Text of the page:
The industry-funded pilot plan will involve student visa holders who have been fully vaccinated with the shots approved by the Therapeutic Goods Administration, which at the moment includes Pfizer, AstraZeneca and Moderna.
It means students will initially come from countries such as Singapore, Hong Kong, Malaysia, Japan, Thailand and the US, but not from the key markets of China and Nepal.
Deputy Premier John Barilaro said the staggered return of students was stage one of a pilot that would expand as vaccination rates rise.
“The safety of the people of NSW is paramount and we are taking no risks. All participating students will be required to be fully vaccinated with a TGA-recognised COVID-19 vaccine, and strict quarantine protocols will be in place.”
The plan will not come at the expense of any Australian citizen or resident wishing to return home, he said.
Charter flights, paid for by the students, will be used to transport them before international flights resume.
As part of the first phase, it is expected that 500 international students will arrive in NSW on chartered flights by the end of the year.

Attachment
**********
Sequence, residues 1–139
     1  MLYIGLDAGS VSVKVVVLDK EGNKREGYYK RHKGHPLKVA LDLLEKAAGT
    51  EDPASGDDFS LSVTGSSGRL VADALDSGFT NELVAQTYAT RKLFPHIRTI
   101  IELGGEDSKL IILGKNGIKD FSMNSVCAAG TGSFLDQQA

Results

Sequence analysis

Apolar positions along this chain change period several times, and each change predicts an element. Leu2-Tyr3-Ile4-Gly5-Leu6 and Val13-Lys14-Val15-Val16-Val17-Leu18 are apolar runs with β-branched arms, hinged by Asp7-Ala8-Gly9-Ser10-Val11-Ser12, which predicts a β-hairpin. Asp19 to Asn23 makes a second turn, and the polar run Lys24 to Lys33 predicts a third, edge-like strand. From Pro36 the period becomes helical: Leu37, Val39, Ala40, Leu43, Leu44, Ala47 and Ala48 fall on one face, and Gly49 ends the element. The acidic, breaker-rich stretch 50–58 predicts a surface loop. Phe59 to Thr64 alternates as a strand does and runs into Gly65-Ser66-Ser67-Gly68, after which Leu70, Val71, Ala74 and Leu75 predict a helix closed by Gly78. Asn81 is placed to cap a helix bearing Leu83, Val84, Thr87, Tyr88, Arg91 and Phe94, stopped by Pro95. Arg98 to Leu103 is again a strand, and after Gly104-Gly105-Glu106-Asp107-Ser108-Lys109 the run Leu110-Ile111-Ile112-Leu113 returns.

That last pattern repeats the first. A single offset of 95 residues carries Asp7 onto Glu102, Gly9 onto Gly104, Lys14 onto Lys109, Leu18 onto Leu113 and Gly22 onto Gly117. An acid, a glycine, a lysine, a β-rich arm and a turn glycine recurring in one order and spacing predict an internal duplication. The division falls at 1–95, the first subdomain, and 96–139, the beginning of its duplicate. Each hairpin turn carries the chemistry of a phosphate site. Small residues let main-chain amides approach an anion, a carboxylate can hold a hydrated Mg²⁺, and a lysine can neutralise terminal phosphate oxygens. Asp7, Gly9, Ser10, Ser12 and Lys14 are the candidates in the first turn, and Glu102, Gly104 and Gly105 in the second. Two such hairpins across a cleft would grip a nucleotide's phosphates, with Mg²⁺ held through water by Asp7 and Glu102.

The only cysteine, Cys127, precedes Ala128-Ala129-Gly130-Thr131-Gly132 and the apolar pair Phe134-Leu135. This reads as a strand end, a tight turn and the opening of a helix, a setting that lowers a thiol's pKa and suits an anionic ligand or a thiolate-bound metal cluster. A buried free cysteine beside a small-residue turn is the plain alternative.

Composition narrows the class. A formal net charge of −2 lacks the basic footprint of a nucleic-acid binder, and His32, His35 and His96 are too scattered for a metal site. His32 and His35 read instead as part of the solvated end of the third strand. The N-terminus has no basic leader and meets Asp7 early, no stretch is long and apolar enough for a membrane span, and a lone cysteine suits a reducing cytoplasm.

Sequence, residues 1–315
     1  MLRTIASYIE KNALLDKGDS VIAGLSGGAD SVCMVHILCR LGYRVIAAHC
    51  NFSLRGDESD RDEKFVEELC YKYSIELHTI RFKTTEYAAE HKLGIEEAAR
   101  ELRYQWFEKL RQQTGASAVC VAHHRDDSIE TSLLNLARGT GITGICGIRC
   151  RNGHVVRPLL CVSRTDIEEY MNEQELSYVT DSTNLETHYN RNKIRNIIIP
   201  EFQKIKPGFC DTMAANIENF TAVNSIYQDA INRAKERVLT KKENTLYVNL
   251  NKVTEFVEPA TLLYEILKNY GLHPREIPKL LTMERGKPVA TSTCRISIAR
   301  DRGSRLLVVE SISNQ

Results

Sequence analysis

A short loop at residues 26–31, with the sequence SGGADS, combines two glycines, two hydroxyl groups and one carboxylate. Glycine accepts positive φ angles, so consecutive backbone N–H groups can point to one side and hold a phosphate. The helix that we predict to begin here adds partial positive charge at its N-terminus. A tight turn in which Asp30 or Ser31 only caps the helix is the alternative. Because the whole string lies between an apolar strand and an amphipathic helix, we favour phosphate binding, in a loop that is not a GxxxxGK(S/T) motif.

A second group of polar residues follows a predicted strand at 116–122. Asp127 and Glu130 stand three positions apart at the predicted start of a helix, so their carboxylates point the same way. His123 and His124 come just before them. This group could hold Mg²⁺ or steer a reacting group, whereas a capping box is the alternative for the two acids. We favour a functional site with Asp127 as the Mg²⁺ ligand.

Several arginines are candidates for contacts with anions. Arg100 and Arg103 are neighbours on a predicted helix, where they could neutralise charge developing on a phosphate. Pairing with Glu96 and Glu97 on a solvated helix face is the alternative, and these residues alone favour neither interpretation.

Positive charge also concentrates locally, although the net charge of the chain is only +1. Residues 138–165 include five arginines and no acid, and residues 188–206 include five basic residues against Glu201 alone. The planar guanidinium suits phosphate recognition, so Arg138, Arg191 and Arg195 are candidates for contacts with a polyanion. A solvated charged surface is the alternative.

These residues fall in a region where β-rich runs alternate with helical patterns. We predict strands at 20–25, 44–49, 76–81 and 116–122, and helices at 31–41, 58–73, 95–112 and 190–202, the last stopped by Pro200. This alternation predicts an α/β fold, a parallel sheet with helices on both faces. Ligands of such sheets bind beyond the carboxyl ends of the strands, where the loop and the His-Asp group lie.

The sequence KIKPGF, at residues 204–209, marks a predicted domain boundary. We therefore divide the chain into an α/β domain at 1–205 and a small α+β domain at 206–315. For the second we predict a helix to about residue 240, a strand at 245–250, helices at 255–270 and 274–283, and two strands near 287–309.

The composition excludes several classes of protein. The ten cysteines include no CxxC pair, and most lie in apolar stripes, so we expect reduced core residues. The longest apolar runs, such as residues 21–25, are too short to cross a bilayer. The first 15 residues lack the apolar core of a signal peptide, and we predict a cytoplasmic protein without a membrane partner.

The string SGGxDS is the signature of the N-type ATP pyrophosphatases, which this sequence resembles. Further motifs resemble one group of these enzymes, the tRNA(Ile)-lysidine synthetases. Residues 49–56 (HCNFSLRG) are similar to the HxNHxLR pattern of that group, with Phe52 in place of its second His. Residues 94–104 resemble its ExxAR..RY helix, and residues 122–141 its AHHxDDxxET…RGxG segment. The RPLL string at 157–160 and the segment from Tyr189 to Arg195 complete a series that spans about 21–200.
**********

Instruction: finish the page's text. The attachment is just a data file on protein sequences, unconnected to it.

The purpose-built accommodation in Redfern has capacity for 650 students under COVID-safe standards that have been approved by NSW Health and NSW Police.
The governor of the NSW Vice-Chancellors’ Committee, Professor Barney Glover, said it welcomed the plan.
“After over 18 months of planning, we are delighted that both the Australian and NSW Government are supportive of a pilot plan for an incremental reopening of our borders to our international students,” he said in a statement.
Council of International Students Australia President, Belle Lim, said international students are looking forward to returning.
“We all want international students back on campus, enjoying the unique learning, work and life experience that only studying in Australia can deliver,” Ms Lim said.
“We support the cautious approach and look forward to growing the number of students returning to NSW over time.”
Universities involved in the pilot program include Western Sydney University, Macquarie University, The University of Sydney, UNSW, UTS, Australian Catholic University, The University of Newcastle and the University of Wollongong.
Independent providers are also involved including the International College of Management Sydney, Kaplan, Navitas, RedHill and Study Group.
The international education sector in 2019 was Australia’s fourth-largest export, contributing $37.6 billion to the Australian economy and $14.6 billion to NSW.